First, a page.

5 Ways Facebook Creator Zuckerberg’s VA Jarvis Will Change the Game of Humanity
Jarvis is a Virtual Personal assistant developed by Zuckerberg. Many people are familiar with smart-home technology. Smart-homes use interconnected technologies to control the lights, temperature, appliances, music, and security in a home, usually with a smart phone app.
Image: REUTERS/Mariana Bazo
Mark Zuckerberg of Facebook fame has introduced his personal electronic butler in a video post showing his family (wife Priscilla, daughter Max, and dog Beast) interacting with his new invention. Its name is Jarvis, after the artificial intelligence designed by fictional genius and superhero Tony Stark/Iron Man. Because of a poll Zuckerberg posted to Facebook, it’s been voiced by Morgan Freeman.
It can respond to both text and voice commands via a smart phone app, and runs smart-home technology like turning on the air conditioning, playing music, and opening and closing doors. It can also recognize visitors and let them in automatically.
Jarvis will not be mass-marketed, but it could revolutionize how people live.
Let’s look at how:
1. It could allow technology to respond smartly to unspecific voice requests, like “play me some music.”
The big step forward that Zuckerberg makes with Jarvis is that he has developed technology that will listen to and respond to unspecific requests. This is called “natural language,” and is a barrier that many smart-home technologies still face– they can’t respond except to very specific commands.
In the video, he asks Jarvis to play music that “the whole family likes” and it plays “Itsy-Bitsy Spider.”
Zuckerberg wrote: “I found we use these more open-ended requests more frequently than specific asks. No commercial products I know of do this today, and this seems like a big opportunity.”
In his blog post on Jarvis, he enumerates. He could ask it to play Someone Like You, play someone like Adele, or play some Adele, which all sound similar and have similar keywords but are very different requests. Also, Jarvis needs to be able to recognize voices and context so that it can identify which member of the household has asked to play some music, so he can come up with music that that person will like.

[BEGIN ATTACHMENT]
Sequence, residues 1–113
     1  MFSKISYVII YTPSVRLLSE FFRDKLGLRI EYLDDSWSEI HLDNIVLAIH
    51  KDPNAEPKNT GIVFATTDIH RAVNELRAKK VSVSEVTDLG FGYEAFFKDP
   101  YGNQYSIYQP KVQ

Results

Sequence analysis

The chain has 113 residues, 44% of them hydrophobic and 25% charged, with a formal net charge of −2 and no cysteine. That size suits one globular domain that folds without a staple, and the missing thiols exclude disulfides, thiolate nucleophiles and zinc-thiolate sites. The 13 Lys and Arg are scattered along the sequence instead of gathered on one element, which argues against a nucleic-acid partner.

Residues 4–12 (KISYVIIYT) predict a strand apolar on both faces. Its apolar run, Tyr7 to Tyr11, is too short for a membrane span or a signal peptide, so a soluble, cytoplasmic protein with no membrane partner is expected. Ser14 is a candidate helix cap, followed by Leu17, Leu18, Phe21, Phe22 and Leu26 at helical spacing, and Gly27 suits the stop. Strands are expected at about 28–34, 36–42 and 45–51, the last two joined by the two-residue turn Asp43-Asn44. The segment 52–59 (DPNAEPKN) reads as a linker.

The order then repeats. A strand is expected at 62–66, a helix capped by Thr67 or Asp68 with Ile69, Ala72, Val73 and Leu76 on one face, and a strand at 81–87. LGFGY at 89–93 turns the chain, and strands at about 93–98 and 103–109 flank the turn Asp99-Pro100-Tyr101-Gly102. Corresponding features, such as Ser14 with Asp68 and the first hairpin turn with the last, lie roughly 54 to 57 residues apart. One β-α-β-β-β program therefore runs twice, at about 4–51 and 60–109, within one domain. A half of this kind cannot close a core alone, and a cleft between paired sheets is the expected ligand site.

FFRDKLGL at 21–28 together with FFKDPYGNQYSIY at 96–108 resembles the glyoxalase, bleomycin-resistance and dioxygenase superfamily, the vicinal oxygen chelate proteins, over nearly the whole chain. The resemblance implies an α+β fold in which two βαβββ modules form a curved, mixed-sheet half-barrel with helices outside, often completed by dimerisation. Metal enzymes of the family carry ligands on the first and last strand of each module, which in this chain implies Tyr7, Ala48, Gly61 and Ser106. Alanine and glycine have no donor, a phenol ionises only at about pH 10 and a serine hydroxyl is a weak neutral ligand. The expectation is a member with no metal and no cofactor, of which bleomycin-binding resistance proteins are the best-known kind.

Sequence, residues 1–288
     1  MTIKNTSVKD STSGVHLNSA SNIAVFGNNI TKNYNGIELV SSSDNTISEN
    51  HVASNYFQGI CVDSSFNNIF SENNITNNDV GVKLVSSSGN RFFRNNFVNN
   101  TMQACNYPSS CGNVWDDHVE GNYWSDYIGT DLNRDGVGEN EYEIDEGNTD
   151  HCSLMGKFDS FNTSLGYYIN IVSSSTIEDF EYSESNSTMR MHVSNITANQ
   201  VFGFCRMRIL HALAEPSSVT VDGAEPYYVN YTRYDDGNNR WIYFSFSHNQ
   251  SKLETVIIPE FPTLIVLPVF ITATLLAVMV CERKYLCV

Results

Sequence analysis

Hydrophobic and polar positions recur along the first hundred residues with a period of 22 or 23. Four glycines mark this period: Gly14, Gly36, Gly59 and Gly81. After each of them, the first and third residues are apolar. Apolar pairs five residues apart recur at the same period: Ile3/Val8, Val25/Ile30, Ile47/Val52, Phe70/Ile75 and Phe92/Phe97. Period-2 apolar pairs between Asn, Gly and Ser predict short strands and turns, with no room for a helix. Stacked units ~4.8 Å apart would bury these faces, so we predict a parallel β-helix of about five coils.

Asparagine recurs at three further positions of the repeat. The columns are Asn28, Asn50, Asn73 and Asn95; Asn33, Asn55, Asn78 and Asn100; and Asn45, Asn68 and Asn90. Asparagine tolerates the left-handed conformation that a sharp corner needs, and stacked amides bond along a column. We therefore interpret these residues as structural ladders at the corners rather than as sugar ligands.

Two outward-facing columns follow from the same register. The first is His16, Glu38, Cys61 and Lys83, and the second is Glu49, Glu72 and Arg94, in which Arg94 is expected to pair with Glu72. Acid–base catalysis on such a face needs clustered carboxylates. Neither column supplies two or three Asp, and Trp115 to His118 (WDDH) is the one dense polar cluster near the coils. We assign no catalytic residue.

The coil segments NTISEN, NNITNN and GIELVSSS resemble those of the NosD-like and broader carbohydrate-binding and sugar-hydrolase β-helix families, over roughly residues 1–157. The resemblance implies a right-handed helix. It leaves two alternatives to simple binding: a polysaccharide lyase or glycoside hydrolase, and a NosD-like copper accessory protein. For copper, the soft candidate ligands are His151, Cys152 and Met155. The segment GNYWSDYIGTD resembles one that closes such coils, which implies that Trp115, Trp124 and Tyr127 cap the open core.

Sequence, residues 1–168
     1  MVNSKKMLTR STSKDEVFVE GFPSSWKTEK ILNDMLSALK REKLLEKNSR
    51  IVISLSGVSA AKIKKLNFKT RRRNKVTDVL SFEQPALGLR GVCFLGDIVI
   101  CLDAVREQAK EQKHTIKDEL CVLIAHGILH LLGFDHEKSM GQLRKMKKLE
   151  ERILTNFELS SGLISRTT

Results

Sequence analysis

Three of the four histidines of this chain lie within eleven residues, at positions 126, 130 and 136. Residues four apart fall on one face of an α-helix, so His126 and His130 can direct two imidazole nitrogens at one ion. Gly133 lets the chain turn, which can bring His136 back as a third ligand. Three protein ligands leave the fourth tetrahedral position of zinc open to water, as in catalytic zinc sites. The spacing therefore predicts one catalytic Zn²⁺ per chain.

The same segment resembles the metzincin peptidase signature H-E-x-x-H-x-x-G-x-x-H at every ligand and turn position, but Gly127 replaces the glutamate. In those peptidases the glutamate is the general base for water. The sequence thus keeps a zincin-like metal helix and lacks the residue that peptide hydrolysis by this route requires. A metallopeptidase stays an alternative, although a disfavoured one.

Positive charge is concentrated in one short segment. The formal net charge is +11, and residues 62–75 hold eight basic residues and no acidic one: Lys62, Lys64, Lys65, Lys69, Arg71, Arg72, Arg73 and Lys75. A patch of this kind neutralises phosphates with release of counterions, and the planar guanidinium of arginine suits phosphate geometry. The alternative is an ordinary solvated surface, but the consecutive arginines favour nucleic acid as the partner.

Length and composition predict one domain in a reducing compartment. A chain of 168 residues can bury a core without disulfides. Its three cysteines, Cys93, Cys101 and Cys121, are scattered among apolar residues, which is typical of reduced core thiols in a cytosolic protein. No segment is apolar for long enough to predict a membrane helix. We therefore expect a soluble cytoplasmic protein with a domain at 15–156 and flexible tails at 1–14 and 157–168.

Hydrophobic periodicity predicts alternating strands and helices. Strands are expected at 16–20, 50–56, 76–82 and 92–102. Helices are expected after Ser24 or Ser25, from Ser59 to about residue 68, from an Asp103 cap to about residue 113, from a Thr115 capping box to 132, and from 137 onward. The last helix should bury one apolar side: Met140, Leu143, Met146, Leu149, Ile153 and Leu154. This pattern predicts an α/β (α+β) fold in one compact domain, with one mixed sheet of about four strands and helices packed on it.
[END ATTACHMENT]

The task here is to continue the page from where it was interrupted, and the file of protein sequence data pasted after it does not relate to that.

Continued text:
2. If it becomes as popular as Zuckerberg’s other invention, Facebook, it could normalize the use of smart-home technology.
There are a few reasons smart-home technology, like Amazon’s Echo, hasn’t taken off.
For one thing, it’s luxurious, but it doesn’t really solve a problem. It’s pretty easy to pop toast in the toaster or adjust the thermostat. For another thing, it’s expensive. It also may provide problems for those who are technologically illiterate, which is a surprisingly large portion of the population, even in 2016. It’s also not secure, which worries many people.
Zuckerberg’s creation may help bring smart home technology into the limelight and therefore make it more popular, changing the way we relate to our homes and bringing a wave of new technology to the forefront that is designed to solve these problems. Who knows– maybe smart-home technology will become as indispensable as smart phones!
3. It could revolutionize security technology with face recognition.
Jarvis uses the same face recognition technology that helps you tag your friends in photos on Facebook. This technology was a great step forward in facial recognition– as you probably know, it’s pretty spot-on.
Jarvis will recognize faces at the door using multiple cameras placed at different angles. If that person is on Zuckerberg’s pre-approved list, they will be let in and he will be notified of their arrival.
Obviously, this has implications for technology. Face recognition technology would be able to tell, for example, the difference between a burglar and a friend coming by to feed the dog while you’re away. Maybe you could be automatically let into your own house when you lose your key, while others are kept out.
4. It could replace traditional to-do lists with reminder technology.
In another video, he shows the original “aggressive” Arnold Schwarzenegger voice reminding himself and Priscilla to go to the gym.
Rather than checking off items on a to-do list (whether that’s digital or pen-and-paper), Jarvis could provide a reminder system that puts less work on the people using it. For example, it could maybe note how often you’ve been on the treadmill and remind you to work out, or debrief you on the appointments you need to keep in a particular day.
5. It could help streamline childcare.
As shown in the video, it can replace baby monitors and tell parents when children have woken up. Presumably, it could also alert to problems like crying in a more… pleasant manner than traditional baby monitors. I’d rather hear a warning from Morgan Freeman than a baby’s sudden cries any day!
In the video, it also shows Jarvis responding to baby Max going out-of-bounds, allowing childcare providers (whether family or professional) to keep better tabs on babies.